In other words, what a psychedelic experience brings to the fore according to Plant are culturally invariant, abstract cognitive patterns which she hypothesises may be phenomenal manifestations of the workings of the brain during extreme states of excitation such as of the kind induced by psychoactive drugs — when local modifications brought about by changes in synaptic connections bring about global alterations in brain-wave amplitude, speed and frequency. Hence, the key points here are that in phenomenal states such as psychedelic experiences the cognitive subject seems to be able to experience objective neurobiological processes that explicate experience as an object — and that the cognitive import of psychedelic and similar forms of art thus may turn out to be the aesthetic unpacking of these neurobiological processes.
Accordingly, rather than utilising aesthetics for the purpose of communicating various kinds of experiences, it is here approached as a medium for explicating its underlying artificiality — that is, the fact that experience is a plastic medium that can be approached objectively and also be augmented beyond the confines of the default first-person perspective. The shift from aesthetic content to form thus marks a concomitant cognitive shift from the subjective to the objective, which may be elaborated on by thinking of the techno-scientific disconnection from the myth of experience as a form of spatial dispossession.
For Callois, the natural sciences is one of the primary examples of this spatial dispossession insofar as scientific objectification indeed may be understood as operating according to a logic in which psychological individuality gradually slides towards the immanence of impersonal exteriority.
Beyond aesthetics : philosophical essays / Noel Carroll - Details - Trove
As he puts it:. The objectivity underlying the formal overturning of the myth of experience consequently has to be linked to a specific form of spatial dispossession: experience is overturned by cognitive objectification insofar as it is robbed of its transcendental self-differentiation and re-inscribed into the impersonal exteriority congruent with de-individuated space. Evans's focus is almost exclusively on the situation in the United States. His book is especially timely, given recent and ongoing disputes about public art, such as the controversies and violent confrontations over removing Confederate statues e.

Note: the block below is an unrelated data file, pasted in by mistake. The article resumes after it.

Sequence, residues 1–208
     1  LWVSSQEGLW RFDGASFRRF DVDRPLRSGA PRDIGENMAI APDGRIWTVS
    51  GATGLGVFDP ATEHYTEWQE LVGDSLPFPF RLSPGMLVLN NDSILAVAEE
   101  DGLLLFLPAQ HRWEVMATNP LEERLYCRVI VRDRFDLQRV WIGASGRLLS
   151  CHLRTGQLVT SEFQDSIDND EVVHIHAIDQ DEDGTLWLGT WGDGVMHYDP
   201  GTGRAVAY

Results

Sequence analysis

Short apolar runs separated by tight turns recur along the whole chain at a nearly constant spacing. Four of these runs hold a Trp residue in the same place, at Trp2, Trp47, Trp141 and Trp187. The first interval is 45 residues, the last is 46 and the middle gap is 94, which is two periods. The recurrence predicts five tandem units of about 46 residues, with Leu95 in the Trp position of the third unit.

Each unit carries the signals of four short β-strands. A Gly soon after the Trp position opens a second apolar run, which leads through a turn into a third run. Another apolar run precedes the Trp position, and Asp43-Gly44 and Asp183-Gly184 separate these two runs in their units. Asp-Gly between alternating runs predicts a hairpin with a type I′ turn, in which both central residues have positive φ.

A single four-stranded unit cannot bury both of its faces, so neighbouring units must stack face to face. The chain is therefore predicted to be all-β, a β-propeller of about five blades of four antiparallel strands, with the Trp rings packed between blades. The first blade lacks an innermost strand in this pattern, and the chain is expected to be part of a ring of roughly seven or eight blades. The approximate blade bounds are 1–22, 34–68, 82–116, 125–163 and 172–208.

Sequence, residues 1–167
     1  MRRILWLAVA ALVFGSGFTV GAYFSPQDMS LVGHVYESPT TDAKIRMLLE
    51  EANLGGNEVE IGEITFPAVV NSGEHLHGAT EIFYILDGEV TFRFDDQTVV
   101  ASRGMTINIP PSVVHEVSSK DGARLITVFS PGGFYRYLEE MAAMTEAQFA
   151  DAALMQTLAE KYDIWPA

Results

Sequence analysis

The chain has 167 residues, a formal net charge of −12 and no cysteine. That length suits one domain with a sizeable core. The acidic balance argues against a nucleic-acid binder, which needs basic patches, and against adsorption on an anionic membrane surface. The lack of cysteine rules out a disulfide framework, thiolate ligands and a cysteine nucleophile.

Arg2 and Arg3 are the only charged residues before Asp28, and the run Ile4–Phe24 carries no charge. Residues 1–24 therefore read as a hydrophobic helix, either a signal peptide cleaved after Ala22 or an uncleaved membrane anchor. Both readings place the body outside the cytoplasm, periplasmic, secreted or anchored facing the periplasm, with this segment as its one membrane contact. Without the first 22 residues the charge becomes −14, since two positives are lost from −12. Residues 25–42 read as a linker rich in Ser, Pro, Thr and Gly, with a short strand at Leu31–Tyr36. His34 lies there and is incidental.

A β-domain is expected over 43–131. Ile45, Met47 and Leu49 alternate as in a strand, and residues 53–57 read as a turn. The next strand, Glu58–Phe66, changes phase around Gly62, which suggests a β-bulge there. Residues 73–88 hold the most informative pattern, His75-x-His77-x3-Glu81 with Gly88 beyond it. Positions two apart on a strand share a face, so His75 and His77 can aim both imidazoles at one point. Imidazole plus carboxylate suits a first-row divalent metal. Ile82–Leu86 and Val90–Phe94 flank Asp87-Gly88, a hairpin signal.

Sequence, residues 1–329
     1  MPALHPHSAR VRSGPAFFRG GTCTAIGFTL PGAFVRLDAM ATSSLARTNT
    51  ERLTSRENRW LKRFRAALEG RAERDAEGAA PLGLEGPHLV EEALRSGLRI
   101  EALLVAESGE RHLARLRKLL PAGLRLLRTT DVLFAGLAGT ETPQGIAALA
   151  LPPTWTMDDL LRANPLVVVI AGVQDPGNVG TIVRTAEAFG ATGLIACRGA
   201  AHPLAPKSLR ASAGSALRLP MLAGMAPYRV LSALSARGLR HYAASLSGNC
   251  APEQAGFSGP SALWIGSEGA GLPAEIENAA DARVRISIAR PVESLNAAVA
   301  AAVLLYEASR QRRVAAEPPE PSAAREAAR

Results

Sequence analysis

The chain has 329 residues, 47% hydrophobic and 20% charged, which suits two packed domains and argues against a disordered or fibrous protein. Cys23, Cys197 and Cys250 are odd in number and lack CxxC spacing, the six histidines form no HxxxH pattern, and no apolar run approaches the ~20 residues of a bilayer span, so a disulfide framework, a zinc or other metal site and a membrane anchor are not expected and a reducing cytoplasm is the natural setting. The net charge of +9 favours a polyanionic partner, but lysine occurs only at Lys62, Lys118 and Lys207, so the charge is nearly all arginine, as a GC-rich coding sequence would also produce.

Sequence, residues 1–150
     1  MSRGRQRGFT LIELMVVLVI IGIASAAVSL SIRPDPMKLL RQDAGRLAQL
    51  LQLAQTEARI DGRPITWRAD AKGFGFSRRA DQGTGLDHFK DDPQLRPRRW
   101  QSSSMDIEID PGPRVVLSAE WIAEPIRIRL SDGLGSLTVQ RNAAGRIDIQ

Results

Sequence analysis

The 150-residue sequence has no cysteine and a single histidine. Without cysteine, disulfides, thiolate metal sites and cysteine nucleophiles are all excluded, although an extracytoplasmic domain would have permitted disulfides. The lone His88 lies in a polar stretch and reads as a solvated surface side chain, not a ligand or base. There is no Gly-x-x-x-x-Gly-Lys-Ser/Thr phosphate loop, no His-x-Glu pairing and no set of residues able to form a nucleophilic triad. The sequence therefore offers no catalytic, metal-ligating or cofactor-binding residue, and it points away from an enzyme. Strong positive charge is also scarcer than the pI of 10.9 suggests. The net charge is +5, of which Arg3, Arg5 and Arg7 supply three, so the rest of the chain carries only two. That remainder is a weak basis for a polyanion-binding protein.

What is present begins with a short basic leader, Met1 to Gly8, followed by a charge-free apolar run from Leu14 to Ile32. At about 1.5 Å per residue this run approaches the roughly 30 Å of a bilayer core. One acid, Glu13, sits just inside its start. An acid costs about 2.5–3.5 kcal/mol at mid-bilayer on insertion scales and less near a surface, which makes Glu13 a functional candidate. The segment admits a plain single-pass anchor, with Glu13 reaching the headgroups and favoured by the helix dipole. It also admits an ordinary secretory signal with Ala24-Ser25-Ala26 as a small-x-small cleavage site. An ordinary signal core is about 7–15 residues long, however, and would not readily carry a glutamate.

His study is extremely well informed about the history of US public art, from the first controversies concerning memorials to George Washington ca. Evans here extends and enriches his valuable earlier work on voice and citizenship, as in The Multi-Voiced Body: Society and Communication in an Age of Diversity There and in the current study although now more implicitly he builds creatively on Mikhail Bakhtin's critical concept of a plurality of voices and discourses, or heteroglossia. He argues that a democracy necessarily involves a multiplicity of distinct views, perspectives, and interests, a "multi-voiced body.
For Evans, a democracy should enable and encourage a plurality of voices, and avoid submitting to what he calls "oracles," that is, unquestionable dogmatic voices of authority. On this view, a democratic polity will have the virtues of solidarity, heterogeneity, and fecundity.
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It will foster the sense that we're all in this together, that we respect others in their otherness, and aim at an ever more flourishing public life. Rather than engaging in reactionary nostalgia "make America great again" we should aspire to become great. Evans is quite aware that no constitution, law, or mythical national character can secure a democracy in the virtues of solidarity, heterogeneity, and fecundity that he takes to define democracy.
His contribution is to defend these virtues while critically identifying authoritarian obstacles oracles that impede them. In this respect, the book is much more than an essay on public art. Public art becomes a crucial locus for exploring the promise of pluralistic democracy in the light of a sober assessment of its inherent fragility. Evans proposes a broad definition of public art: it "will encompass any artistic creation that has the intent or effect of addressing democratic values and occurs in public space" This definition implicitly excludes art in those regimes certain monarchies, theocracies and the like that do not profess democratic values.